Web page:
Second, feel-good statements, popular as they may be, will not change reality on the ground; they will rather encourage the Authority to continue a static strategy in the negotiations — thereby promoting a continued stalemate of the talks. The Oslo Accords, signed by the two parties, commit s them to negotiation as the way to reach an agreement enabling the existence of two states living side by side in peace with secure borders. Well intentioned but insufficiently thought-out declarations such as these will only turn the path defined by Oslo, which is supported by responsible members of the international community, into a chimera — pre-empting the peace it is supposed to produce.
Third, these initiatives unfairly put pressure only on Israel. The Jewish state, harassed and subjected to constant hostility by
neighbours and terrorist groups, is persistently offering painful concessions to achieve a lasting and fair agreement, only to see the Authority refuse any compromise for the advancement of peace. It was Mahmoud Abbas who failed to accept the recent US framework document already accepted by Israel. It was Mr Abbas who demanded unacceptable concessions from Jerusalem in a clear obstructionist policy; and it was Mr Abbas who reached a unity agreement with Hamas, just three months before the Islamist group started a massive barrage of rockets fired into Israeli cities.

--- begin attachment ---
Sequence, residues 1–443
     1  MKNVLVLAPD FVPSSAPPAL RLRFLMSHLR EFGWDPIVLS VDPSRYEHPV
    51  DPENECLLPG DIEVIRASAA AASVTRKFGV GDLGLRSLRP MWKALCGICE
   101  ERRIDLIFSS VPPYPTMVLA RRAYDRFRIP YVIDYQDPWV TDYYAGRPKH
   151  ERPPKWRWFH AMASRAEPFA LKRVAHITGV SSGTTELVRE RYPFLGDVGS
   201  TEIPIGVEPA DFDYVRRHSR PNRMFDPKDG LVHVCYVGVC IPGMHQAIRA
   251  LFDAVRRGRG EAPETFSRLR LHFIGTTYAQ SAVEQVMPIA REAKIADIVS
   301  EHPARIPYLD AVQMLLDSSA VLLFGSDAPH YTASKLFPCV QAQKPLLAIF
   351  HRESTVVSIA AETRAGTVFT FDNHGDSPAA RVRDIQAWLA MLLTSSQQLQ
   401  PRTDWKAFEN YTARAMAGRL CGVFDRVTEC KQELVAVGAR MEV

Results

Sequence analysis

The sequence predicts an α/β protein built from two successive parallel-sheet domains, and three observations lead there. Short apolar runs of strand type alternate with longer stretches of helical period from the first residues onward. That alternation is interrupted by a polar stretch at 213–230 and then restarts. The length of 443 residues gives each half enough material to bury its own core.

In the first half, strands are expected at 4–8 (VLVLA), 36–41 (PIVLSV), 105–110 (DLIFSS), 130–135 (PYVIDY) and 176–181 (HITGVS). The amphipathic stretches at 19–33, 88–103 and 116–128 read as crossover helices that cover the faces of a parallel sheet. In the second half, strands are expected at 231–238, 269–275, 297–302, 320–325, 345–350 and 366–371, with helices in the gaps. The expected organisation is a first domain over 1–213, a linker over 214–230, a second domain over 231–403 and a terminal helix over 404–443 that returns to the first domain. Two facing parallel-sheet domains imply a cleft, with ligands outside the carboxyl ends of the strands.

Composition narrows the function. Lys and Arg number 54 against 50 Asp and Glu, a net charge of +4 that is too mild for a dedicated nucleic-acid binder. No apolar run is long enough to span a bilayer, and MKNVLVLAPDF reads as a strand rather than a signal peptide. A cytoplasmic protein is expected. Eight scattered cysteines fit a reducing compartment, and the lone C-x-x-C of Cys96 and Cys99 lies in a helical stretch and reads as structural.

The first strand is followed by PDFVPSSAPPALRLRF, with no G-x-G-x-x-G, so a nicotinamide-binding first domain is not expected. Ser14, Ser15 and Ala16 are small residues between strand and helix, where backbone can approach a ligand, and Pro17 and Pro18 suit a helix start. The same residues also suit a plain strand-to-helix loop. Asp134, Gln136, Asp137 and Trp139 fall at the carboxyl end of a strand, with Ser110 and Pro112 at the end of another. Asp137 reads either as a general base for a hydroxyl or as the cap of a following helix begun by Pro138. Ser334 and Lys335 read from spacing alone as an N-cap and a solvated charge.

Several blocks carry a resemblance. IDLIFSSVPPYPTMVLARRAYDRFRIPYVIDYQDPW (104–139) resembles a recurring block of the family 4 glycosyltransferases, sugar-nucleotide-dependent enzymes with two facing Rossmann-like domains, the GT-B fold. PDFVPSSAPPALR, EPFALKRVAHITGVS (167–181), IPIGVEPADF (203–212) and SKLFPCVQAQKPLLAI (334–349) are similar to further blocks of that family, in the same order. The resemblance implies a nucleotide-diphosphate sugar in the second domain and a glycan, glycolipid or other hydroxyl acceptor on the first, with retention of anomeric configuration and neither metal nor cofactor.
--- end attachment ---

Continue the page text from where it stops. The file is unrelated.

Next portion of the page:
Fourth, Israel is today a bulwark against the expansion of jihadism and other threats in the Middle East. Promoting initiatives to recognise an imagined Palestinian state now ignores the need for compromises from the Authority and represents a huge mistake, considering how much western countries need the support of Israel against jihadism and nuclear proliferation, among other worrying threats to global security. In the current circumstances, recognising Palestine as a state is also an implicit approval of the unity agreement reached by Fatah and Hamas. As Hamas and Isis are parts of the same Islamist front, the western democracies should not legitimise an entity that is going to be formed by one of them.
Finally, we cannot ignore the fact that on October 12 at a conference in Cairo Palestinians were pledged $5.4 billion by